American Depositary Receipts, or ADRs, facilitate trading of foreign securities in U.S. markets by creating instruments that represent ownership of a foreign company’s equity or debt securities. Use of ADRs can significantly broaden a foreign company’s investor base, as they provide investors in the U.S. with a means to access securities listed on foreign exchanges.
Increasingly, foreign companies are employing ADR programs to go public in the U.S., enabling them to tap into the large and sophisticated U.S. institutional investor base both to raise money to grow their businesses and to increase liquidity for their existing stockholders.
U.S. depositary banks issue ADRs to evidence ownership of underlying securities that they hold as custodian. ADRs are denominated in U.S. dollars and are traded like other domestic securities, either on an exchange or over-the-counter. Depositary banks periodically transfer any dividends or distributions from the securities to ADR holders in U.S. dollars. Foreign companies have flexibility as to the number of securities underlying each ADR, with ADRs representing anything from a fraction of an underlying security to several underlying securities. ADR holders are generally able to access the underlying securities, either through cancellation of the ADR facility or by request.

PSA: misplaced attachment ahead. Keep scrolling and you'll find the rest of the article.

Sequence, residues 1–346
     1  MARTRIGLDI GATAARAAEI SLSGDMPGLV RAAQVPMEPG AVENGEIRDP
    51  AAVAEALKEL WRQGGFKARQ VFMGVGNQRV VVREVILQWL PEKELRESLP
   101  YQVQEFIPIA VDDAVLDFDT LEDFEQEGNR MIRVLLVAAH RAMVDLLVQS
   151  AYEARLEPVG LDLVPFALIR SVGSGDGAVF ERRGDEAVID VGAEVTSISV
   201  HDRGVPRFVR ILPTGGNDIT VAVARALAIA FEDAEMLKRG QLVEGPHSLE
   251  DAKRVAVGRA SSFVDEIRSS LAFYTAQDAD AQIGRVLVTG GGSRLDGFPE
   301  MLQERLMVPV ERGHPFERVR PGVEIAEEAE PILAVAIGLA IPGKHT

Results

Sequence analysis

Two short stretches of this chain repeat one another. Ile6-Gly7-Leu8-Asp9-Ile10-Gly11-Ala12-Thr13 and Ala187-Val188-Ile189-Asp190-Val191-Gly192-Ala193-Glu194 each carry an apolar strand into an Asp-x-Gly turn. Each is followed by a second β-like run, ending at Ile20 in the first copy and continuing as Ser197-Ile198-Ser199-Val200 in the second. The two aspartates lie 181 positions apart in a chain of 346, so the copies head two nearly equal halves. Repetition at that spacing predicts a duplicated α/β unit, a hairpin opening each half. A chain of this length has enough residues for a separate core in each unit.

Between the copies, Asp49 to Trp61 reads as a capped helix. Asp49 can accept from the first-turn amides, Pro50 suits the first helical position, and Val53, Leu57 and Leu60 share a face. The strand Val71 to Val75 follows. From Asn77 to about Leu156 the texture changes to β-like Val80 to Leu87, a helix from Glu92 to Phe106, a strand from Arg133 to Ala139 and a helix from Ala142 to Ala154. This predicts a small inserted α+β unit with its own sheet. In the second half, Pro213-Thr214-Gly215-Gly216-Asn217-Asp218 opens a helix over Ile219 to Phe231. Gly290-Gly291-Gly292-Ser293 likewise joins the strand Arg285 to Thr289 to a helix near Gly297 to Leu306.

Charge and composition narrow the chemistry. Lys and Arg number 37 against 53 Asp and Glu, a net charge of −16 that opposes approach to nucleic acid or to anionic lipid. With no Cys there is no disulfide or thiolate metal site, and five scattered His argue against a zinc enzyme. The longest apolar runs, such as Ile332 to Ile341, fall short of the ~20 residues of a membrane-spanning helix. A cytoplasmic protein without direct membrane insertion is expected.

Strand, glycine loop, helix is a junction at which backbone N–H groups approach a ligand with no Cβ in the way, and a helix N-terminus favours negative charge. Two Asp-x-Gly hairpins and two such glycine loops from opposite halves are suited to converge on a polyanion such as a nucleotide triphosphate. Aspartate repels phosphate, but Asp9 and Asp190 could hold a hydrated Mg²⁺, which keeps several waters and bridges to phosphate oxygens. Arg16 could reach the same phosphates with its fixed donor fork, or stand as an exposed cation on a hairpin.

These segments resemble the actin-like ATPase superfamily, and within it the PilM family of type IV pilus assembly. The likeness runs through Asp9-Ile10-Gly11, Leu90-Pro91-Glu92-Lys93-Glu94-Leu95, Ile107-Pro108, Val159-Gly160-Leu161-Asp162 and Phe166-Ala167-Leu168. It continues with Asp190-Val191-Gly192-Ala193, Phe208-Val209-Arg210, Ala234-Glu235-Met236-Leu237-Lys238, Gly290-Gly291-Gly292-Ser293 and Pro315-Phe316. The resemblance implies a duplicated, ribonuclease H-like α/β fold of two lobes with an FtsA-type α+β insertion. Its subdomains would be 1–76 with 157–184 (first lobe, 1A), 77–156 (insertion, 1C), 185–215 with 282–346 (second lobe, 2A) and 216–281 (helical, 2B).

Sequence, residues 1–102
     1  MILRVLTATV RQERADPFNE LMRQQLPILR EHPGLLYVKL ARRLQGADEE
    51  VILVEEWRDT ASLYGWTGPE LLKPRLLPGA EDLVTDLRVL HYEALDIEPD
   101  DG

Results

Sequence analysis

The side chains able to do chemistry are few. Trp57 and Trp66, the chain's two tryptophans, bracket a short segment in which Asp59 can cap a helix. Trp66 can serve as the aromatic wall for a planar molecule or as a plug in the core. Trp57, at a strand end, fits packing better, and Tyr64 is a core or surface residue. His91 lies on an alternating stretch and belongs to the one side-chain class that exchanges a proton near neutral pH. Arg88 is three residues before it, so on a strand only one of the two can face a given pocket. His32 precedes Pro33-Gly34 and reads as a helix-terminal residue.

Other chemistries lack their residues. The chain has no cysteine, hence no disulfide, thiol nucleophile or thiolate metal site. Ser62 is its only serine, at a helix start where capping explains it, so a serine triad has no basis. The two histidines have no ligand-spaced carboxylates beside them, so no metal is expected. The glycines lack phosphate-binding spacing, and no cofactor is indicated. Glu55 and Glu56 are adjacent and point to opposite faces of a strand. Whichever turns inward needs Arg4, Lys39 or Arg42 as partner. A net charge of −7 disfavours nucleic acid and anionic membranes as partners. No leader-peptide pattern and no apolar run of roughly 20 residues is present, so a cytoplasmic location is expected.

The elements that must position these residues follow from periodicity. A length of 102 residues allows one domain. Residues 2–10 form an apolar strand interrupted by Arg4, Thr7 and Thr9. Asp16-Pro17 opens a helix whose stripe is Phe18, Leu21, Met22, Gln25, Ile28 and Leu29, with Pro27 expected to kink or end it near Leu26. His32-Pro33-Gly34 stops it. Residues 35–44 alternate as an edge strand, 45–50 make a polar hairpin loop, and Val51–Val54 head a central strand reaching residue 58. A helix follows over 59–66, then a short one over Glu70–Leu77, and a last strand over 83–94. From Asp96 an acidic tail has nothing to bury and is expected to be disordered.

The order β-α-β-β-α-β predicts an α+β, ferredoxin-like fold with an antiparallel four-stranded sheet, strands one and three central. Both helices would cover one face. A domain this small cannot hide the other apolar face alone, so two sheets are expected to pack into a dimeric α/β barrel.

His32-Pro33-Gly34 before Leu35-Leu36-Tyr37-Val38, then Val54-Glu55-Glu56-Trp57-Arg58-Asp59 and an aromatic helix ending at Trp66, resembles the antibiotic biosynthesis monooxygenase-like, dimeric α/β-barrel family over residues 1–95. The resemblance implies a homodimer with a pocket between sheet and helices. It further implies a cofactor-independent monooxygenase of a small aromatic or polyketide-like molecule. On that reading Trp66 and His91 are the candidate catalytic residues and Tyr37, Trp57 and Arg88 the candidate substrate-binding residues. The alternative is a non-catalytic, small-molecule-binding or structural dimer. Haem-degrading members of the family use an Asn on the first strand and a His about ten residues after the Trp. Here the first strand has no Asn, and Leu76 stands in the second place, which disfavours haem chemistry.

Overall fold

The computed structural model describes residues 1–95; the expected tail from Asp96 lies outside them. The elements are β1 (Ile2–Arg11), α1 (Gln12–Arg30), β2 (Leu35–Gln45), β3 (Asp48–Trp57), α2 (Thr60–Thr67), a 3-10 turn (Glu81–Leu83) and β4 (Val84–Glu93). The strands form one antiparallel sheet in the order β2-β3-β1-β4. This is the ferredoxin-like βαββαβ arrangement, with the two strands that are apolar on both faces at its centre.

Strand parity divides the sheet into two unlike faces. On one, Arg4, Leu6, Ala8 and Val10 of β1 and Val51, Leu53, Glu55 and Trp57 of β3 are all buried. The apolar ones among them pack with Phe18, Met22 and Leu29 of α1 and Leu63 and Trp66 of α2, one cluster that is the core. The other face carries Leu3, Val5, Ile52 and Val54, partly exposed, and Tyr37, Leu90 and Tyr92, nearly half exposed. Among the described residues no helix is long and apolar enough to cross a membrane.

Foreign companies and U.S. investors benefit from many advantages that ADRs offer, including:
- Expanded access to the deep institutional investor base in the U.S.;
- Favorable pricing and valuation recognition as a result of increased analyst coverage and higher levels of liquidity in the U.S.;
- Minimum impact to local administrative, governance and registrar procedures to which the foreign company is subject in their home country; and
- Ability to use ADRs as a currency for M&A, as well as for employee retention.
The benefits to issuers and investors are highlighted in the table below. A FAQ on ADR programs can be viewed here.